Guru Arjan Dev Ji, the firth Guru of the Sikhs, came to this world in 1563 C.E. as the youngest of three sons of the fourth Guru, Guru Ram Das. In 1581 C.E., Guru Ram Das designated Guru Arjan Sahib as his successor Guru. During his stewardship of the faith, Guru Arjan Sahib continued his predecessors’ work of spreading Guru Nanak’s message of faith, hope, prayer, and love and unity of all faiths… Guru Arjan was tortured to death on June 16, 1606 in Lahore and his body was thrown into the river Ravi. The crucifixion of Jesus Christ and Socrates’ death by poison are the only historical parallels to the unwarranted torture and resultant death of Guru Ji. Guru Arjan, a messenger of love of God and among all people, was executed because of his growing popularity. Sikhs often refer to Guru Arjan Sahib as “Shanti de Punj, Shaheedan de Sartaj,” or “the embodiment of peace, the supreme martyr.” The martyrdom took place during the hottest part of the year, and the torture included seating Guru Sahib on a hot griddle and pouring hot sand over his body. After four days of torture, one devoted follower forsaking personal safety managed to get cold fruit juice through to the Guru. Since then, it has become traditional for Sikhs to observe the anniversary of Guru Sahib’s martyrdom with congregational prayer, taking out processions singing prayers, and performing “Chhabeel” or serving cold refreshing drinks to all, irrespective of religion, race, or caste. The drink traditionally consists of diluted milk sweetened with sugar and often flavored. Juices or cold water may be offered as well.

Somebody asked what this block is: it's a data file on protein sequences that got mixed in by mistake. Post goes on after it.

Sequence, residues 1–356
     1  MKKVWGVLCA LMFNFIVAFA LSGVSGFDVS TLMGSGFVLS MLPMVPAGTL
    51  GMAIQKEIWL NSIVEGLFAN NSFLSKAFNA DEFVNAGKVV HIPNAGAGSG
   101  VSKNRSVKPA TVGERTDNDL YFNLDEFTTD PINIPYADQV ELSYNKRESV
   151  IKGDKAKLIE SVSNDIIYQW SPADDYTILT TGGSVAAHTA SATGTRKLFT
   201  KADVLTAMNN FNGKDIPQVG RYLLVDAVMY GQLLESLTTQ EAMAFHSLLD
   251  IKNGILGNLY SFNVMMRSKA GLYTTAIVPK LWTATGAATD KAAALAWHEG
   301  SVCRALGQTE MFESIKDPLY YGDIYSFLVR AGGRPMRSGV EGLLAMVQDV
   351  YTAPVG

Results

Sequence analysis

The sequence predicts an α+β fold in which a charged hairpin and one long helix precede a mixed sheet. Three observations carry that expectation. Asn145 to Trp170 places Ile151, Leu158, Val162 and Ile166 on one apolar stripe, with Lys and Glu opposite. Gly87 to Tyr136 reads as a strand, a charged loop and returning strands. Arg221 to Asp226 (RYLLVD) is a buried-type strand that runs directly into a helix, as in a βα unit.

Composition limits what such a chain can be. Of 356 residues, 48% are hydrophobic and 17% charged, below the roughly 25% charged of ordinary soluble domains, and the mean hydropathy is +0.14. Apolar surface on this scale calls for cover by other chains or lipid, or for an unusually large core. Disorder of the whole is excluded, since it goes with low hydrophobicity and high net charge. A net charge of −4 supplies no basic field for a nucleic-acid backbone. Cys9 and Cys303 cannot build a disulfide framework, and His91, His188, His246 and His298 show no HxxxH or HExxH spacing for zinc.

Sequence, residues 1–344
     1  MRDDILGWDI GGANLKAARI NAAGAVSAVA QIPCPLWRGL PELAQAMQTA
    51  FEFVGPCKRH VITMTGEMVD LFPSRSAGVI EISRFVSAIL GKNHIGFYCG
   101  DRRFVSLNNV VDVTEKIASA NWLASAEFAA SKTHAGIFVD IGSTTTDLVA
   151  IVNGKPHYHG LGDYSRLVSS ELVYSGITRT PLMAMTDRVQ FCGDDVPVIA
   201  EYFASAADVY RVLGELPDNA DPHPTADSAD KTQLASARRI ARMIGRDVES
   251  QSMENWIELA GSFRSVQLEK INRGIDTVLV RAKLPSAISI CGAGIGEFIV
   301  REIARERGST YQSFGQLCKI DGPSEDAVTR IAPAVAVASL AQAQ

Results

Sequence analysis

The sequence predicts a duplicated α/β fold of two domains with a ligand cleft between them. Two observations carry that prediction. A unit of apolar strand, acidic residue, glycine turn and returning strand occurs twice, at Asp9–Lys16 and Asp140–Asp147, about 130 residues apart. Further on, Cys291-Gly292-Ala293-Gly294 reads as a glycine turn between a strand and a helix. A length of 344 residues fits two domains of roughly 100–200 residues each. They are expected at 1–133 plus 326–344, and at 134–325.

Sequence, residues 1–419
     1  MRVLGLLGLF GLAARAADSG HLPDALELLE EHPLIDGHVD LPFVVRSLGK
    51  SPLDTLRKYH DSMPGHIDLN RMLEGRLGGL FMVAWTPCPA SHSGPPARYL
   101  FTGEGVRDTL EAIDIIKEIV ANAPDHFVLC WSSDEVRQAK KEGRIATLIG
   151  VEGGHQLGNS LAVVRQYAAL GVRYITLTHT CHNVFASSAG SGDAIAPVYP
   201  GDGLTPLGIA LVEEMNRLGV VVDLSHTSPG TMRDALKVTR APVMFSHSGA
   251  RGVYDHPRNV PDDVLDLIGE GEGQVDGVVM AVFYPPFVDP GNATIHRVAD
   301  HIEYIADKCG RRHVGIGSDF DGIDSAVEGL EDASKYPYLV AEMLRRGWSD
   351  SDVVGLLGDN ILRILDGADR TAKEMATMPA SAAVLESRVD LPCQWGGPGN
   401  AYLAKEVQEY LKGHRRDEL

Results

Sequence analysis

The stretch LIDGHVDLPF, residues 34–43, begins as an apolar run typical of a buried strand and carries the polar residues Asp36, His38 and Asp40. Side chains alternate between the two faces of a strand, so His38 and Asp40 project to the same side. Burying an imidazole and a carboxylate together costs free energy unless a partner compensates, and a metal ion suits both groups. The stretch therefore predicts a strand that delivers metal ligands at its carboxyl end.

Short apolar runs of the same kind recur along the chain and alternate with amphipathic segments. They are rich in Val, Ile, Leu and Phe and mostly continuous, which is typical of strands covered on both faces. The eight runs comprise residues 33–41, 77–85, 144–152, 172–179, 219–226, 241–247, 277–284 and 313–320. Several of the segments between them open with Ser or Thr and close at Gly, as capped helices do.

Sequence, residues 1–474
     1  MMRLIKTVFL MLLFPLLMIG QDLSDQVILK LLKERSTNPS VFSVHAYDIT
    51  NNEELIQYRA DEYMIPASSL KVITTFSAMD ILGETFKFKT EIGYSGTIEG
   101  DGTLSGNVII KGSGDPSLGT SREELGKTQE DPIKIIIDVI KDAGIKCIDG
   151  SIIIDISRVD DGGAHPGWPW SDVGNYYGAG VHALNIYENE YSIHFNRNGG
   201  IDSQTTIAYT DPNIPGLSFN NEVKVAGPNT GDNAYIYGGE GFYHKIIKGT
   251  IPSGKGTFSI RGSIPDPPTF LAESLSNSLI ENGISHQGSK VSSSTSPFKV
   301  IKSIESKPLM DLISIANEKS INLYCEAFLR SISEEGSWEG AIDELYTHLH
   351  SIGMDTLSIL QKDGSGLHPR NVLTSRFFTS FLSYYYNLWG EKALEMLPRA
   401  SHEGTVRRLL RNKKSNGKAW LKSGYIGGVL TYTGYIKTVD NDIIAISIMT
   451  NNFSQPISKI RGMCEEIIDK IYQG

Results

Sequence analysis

The Boston Sikh Sangat is commemorating the anniversary of Guru Arjan Dev Ji’s martyrdom by holding a Chhabeel on Sunday, June 14. Hopefully with your help this year the headlines in the Boston Globe will differ from years past. And hopefully I’ll remember more than just the cold yummy drinks in the years ahead.

The 2008 season of North American Sikh Conferences is winding down. Surat, Jago, and Seattle Sikh all had successful runs this year, and it’s likely Jakara will as well. Although the four conferences have their fair share of insightful and engaging discussion and lectures, it’s just that: a fair share. One two-week seminar, however, leaves the others straggling behind and triumphs them all: Sidak! Returning for its sixth year Sidak promises to end the year with a bang though courses in Sikh history and theology, culture and language and daily morning and evening divans.

Develop your faith, courage, and discipline.  Cultivate and invigorate your soul.

What are you doing during July 13-26? If you’re free, register here. If you’re not, block it off for 2009.